Will the U.S. EPA finally propose regulations that significantly reduce carbon emissions from existing coal fired power plants?
While the Environmental Protection Agency’s (EPA) recently proposed emissions standards for new power plants were controversial, the debate over how to limit the greenhouse gas (GHG) emissions of the largest source in the country, existing fossil-fueled power plants, is of much greater consequence.
Carbon dioxide (CO2) constituted 84% of GHG emissions in 2011. The electric power industry accounted for 33% of these GHG emissions, with coal plants leading the way as the worst source of this pollution.
While there has been industry backlash over the recently proposed standards of performance for new power plants, the “Holy Grail” to reducing carbon emissions rests with existing coal-fired power plants. The EPA’s 2013 power plant rule was just the first step in President Obama’s plan to act on “Power Sector Carbon Pollution Standards,” and ultimately culminates in EPA-proposed standards for existing power plants in June 2014.
While the scientific imperative and legal authority to act are clear, there is much less known about the EPA’s plan for existing power plants. Section 111(d) is a seldom-used statutory backstop through which the EPA is empowered to issue standards of performance that the states then implement through EPA-approved plans. Traditionally, the EPA has based its standards of performance on the best system of emissions reductions, but for existing fossil-fueled generation, the unit-specific alternatives are extremely limited when it comes to reducing CO2 emissions. Some believe that the EPA will base its standard on generation efficiency improvements, but this could pose challenges for a large number of units. While industry is often in favor of flexible compliance mechanisms, there is some industry fear that flexibility in compliance could lead to the EPA adopting a more stringent standard.
Although the EPA’s proposed standards for new power plants embrace the flexible compliance approach by allowing new sources to phase in the use of clean energy technologies, the plan for existing power plants is uncertain. The Natural Resources Defense Council (NRDC) has proposed to cut existing power plant emissions from 2005 levels by 26% in 2020 and by 34% by 2025. The NRDC plan would have the EPA set state-specific emissions rates based on the individual percentage of coal- versus gas-fueled generation. The states would then have broad flexibility in meeting the standards through a range of technologies, as well as the ability to invest in new renewables or energy efficiency to earn and trade credits toward compliance. The NRDC proposal would facilitate alternative compliance approaches, such as the cap and trade regimes already in place in the Northeast and California, as long as those approaches achieve equal or lower emissions.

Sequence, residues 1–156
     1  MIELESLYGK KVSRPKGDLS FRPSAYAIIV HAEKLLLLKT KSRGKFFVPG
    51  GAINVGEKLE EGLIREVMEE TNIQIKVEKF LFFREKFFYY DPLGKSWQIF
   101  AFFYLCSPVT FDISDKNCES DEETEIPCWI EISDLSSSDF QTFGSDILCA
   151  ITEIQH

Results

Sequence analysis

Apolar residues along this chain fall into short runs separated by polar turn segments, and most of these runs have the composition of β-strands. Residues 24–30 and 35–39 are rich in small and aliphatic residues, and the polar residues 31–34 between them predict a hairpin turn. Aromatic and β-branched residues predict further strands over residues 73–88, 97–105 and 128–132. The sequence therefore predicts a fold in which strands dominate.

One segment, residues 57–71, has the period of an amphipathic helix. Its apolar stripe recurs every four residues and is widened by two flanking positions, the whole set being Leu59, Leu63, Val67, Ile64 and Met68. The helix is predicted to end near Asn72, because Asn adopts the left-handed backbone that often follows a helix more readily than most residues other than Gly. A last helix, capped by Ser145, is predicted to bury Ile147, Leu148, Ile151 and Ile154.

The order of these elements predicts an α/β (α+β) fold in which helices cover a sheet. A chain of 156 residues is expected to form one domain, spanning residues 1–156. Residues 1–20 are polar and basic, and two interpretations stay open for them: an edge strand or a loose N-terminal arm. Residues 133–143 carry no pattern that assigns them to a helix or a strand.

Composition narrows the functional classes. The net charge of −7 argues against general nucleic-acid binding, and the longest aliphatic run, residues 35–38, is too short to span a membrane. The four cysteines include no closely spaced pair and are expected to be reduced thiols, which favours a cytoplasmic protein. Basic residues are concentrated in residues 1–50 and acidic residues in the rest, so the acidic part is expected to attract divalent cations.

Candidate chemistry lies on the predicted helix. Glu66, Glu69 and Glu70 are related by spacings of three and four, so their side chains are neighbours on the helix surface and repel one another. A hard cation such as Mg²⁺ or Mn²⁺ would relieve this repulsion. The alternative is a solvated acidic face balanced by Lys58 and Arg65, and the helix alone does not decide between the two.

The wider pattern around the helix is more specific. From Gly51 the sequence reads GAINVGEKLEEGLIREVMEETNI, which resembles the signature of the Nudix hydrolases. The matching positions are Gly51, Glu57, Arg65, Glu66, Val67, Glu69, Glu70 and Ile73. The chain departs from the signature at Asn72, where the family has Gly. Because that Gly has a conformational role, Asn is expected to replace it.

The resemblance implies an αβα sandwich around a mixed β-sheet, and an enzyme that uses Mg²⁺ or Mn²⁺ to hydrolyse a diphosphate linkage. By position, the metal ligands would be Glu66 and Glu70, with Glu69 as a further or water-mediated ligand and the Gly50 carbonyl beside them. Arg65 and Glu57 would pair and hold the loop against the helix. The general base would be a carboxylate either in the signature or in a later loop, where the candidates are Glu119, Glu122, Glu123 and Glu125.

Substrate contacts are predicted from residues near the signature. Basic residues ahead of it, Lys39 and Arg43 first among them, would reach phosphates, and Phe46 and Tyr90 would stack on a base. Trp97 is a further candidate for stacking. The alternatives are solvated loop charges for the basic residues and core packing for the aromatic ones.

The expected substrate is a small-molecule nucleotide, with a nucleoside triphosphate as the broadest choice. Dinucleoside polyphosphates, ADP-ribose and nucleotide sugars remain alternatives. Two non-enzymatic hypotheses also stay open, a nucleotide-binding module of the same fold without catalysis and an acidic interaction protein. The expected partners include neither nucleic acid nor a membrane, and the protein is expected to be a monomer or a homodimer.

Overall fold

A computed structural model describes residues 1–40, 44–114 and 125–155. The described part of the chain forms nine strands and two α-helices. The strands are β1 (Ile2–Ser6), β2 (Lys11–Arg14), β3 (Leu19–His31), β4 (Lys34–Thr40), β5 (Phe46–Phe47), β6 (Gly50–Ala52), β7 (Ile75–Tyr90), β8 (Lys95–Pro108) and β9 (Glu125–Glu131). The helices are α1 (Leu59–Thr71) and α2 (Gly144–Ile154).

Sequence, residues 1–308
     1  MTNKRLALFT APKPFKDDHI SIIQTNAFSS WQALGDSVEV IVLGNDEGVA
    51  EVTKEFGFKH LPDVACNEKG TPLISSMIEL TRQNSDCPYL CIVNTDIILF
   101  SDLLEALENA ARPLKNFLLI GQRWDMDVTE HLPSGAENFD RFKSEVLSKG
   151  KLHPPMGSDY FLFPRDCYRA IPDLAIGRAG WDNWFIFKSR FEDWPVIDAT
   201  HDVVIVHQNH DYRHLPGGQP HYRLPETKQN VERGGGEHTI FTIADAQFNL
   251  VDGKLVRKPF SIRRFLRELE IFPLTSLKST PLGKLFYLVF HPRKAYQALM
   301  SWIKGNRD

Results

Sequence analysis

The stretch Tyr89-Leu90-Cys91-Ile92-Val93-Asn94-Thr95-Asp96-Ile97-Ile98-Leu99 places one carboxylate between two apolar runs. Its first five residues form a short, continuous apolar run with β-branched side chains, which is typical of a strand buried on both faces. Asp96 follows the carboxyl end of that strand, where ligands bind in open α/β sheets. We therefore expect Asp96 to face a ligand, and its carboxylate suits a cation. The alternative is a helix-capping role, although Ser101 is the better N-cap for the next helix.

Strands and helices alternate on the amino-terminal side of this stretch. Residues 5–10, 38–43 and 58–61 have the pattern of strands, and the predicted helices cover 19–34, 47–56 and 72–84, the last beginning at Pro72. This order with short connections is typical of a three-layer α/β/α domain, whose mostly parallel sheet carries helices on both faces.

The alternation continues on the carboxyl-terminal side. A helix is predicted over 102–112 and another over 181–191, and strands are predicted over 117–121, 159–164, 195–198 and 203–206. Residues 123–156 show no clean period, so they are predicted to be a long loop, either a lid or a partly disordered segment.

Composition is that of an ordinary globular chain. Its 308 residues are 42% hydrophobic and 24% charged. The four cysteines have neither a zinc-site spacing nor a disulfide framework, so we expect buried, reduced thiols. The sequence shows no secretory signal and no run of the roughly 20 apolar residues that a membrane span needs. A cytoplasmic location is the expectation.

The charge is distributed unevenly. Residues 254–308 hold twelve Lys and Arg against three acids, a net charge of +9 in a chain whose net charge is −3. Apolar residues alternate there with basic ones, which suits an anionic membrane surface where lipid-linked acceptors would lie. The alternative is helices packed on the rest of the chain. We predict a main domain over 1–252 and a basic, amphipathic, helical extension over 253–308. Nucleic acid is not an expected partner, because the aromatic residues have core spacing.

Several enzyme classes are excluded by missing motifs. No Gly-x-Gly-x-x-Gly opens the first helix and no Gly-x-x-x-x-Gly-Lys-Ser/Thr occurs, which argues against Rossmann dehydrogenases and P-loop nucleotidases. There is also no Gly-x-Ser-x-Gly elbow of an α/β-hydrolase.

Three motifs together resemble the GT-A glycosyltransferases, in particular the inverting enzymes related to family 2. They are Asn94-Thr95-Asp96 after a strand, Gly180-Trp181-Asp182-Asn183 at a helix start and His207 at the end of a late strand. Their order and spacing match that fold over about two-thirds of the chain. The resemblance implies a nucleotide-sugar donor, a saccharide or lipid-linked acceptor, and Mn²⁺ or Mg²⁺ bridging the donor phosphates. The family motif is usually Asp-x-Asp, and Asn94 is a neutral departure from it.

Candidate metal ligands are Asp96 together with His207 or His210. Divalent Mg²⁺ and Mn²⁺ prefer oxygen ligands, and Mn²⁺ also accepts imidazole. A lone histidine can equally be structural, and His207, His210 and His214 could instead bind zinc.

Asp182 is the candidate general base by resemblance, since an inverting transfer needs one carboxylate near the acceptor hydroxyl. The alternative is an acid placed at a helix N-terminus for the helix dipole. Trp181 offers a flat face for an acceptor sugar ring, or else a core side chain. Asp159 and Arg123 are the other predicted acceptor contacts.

Various industry groups have criticized the NRDC plan. For example, the National Climate Coalition (NCC), which includes electric generation companies and other industrial giants, has embraced an approach that sets separate performance standards for coal- and gas-fired power plants, but allows the utilities to calculate average emissions across their facilities. The states would have the ability to use market-based mechanisms in achieving overall compliance. Whether the EPA chooses one of those two approaches or something completely different, the Obama administration has set the EPA on a path to finally reduce carbon emissions from existing coal plants. The country can only hope that some combination of market and regulatory forces will end the decades-long reign of king coal as the dominant source of carbon pollution.